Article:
20 Oct 2017
By Wright Communications
Lexus was inspired by the American Morpho butterfly's wing to produce a deeper more lustrous, iridescent blue than anything seen before.
First presented on the Lexus LC grand tourer at the 2016 Geneva Motor Show, it has now been developed for production, adding extra elements of exclusivity and hand-finished quality to the sensuously designed LC 500 coupe.
The exclusive, shimmering new shade will make the new luxury coupe stand out from every other car on the road.
"The story behind the development of this unique new colour really matches the Lexus goal of delivering to our customers an amazing experience," said Paul Carroll, the Senior General Manager of Lexus New Zealand.
The Lexus LC 500 in Structural Blue is available to order in extremely limited numbers with delivery from the first quarter of next year.
"These cars will be the choice of connoisseurs who recognise and value both the application of advanced technologies and the highest standards of Lexus Takumi craftsmanship," said Mr Carroll.
Lexus LC 500 Structural Blue models - available with a 5.0 litre V8 engine or a 3.5 litre V6 hybrid electric powertrain - are only available with the glass roof.
The cabin features a Steel Blue interior which combines three bold tones, with mid-blue materials for the upper door trim, steering wheel, instrument panel and centre arm rest, contrasted by fine white leather-accented seat upholstery and vivid orange for the shift lever surround and draped Alcantara door panels.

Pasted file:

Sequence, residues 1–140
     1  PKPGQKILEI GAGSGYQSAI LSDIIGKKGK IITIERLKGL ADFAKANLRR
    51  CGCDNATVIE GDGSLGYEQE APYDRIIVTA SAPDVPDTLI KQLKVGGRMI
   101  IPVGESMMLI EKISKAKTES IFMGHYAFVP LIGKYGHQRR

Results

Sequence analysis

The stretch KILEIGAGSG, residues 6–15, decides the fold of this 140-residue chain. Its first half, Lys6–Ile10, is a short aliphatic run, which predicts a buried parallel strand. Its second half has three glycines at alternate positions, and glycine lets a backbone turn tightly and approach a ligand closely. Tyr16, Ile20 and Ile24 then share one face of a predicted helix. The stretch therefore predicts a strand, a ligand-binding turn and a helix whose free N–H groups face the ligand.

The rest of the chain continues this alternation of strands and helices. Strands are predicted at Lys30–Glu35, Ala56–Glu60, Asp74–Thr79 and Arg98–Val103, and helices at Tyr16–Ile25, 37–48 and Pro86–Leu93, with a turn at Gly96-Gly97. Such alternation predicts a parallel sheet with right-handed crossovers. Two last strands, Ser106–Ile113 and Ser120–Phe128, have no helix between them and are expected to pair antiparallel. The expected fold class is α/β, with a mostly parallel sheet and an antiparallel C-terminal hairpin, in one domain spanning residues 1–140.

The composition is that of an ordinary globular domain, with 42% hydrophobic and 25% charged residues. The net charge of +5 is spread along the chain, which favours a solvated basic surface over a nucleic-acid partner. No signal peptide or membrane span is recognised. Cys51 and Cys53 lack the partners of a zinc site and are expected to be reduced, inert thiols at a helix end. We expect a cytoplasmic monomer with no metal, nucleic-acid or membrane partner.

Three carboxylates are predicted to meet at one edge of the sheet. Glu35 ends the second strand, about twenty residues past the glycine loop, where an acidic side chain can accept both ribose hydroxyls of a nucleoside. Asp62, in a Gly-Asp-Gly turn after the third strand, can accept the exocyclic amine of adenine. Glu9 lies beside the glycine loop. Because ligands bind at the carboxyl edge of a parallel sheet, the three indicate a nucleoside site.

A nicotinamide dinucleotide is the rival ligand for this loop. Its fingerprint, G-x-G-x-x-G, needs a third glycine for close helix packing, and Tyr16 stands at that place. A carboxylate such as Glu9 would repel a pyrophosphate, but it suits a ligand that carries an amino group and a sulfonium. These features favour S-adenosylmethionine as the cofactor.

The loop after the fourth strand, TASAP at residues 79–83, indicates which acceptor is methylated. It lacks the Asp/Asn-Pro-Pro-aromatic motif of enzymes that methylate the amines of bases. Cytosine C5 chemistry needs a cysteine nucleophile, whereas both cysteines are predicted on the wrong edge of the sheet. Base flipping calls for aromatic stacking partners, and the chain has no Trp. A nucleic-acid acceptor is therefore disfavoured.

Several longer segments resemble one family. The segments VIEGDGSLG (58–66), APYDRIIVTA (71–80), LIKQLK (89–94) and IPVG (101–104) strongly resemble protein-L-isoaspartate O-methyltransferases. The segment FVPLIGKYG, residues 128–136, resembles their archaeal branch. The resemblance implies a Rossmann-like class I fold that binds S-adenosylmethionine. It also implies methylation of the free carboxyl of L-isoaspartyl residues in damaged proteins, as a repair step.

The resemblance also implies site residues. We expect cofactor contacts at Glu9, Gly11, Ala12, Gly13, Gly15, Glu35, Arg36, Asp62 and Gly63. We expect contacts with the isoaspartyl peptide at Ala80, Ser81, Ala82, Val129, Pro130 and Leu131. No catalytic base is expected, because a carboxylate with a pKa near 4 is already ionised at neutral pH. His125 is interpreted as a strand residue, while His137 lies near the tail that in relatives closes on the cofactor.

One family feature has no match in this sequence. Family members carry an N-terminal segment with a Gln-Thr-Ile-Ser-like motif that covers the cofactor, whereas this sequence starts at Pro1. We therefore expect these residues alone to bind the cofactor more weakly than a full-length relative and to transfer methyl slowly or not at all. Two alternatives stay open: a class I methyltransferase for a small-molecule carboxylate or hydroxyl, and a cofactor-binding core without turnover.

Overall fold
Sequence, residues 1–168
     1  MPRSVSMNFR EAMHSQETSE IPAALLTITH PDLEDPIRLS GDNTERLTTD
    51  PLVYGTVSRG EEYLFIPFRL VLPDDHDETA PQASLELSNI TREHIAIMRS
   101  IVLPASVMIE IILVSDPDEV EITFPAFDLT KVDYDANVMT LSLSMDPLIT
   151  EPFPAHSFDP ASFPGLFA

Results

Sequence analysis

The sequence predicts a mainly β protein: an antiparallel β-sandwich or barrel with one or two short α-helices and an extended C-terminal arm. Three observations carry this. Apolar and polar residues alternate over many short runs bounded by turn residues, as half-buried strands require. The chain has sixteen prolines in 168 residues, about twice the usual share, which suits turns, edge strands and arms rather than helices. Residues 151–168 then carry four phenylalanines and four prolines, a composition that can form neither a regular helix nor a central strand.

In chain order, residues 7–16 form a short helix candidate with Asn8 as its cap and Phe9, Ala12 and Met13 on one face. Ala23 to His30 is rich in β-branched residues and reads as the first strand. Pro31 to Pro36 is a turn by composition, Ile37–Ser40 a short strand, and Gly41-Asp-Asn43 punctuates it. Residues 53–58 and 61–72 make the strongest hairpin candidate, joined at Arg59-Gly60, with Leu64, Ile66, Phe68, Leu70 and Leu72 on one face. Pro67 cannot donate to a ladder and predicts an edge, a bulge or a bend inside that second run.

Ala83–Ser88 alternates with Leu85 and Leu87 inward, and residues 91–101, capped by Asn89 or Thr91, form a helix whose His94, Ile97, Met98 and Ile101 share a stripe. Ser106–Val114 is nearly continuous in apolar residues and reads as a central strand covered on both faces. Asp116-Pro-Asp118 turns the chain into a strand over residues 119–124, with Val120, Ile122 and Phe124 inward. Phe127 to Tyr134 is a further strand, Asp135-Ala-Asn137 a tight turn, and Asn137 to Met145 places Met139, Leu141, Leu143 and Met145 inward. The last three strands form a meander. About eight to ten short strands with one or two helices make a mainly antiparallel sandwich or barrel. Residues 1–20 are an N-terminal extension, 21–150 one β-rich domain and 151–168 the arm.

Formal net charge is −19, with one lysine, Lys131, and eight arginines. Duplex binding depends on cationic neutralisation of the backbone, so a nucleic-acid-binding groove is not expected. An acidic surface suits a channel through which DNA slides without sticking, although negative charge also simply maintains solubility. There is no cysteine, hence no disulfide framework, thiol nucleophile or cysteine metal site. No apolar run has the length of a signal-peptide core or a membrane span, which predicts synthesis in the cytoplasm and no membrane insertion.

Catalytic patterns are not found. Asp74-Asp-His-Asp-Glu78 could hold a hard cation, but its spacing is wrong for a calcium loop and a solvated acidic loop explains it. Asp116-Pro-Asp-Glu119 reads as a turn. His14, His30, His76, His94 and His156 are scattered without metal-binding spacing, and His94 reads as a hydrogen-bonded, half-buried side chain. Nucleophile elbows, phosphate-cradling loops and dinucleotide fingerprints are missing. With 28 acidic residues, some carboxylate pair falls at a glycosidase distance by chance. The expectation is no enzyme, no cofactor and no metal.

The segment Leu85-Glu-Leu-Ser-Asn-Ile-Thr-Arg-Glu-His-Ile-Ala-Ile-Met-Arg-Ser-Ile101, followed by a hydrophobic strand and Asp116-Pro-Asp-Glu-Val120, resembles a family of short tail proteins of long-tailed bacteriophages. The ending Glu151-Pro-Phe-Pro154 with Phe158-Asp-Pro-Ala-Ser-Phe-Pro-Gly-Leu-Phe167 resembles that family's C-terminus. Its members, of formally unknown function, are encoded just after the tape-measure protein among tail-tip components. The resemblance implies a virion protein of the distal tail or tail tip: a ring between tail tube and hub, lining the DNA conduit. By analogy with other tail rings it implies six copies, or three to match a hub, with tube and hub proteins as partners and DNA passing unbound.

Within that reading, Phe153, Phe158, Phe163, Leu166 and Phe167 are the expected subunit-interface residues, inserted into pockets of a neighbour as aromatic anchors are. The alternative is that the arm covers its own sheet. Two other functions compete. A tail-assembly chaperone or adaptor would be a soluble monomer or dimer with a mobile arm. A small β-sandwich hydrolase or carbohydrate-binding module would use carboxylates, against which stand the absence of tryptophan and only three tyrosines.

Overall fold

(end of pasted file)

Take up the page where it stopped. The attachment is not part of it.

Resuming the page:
The 15-year quest to develop Structural Blue was a collaboration between Lexus' United States and Japanese technical centres and California-based VIAVI Solutions, a leading provider of thin-film optical coatings and pigments.
In their intensive search to create the new colour, the team studied the Morpho butterfly's wings to determine how a similar iridescent effect could be achieved with vehicle paint.
At first it seemed the challenge was too great as the desired quality could only be achieved by using a pigment with 40 separate layers. But the team persevered, improving the process until the effect could be obtained with just seven layers, making it practical for use on highly exclusive vehicles.
The pigment is used to produce a new paint in a production process taking eight months, including 12 production steps and 20 quality inspections.
The paint is applied to the LC 500's bodywork in a 15-micrometre layer between the primer and clear coats. Nano-structures - super-small flakes - in the paint generate iridescence, giving the impression of the colour constantly changing with the light.
Conventional pigment paints reflect less than 50 per cent of incoming light as a visible blue colour, but with Structural Blue the level is nearly 100 per cent. In total, 300 grams of pigment, with 300 billion pigment flakes, are used for one LC.
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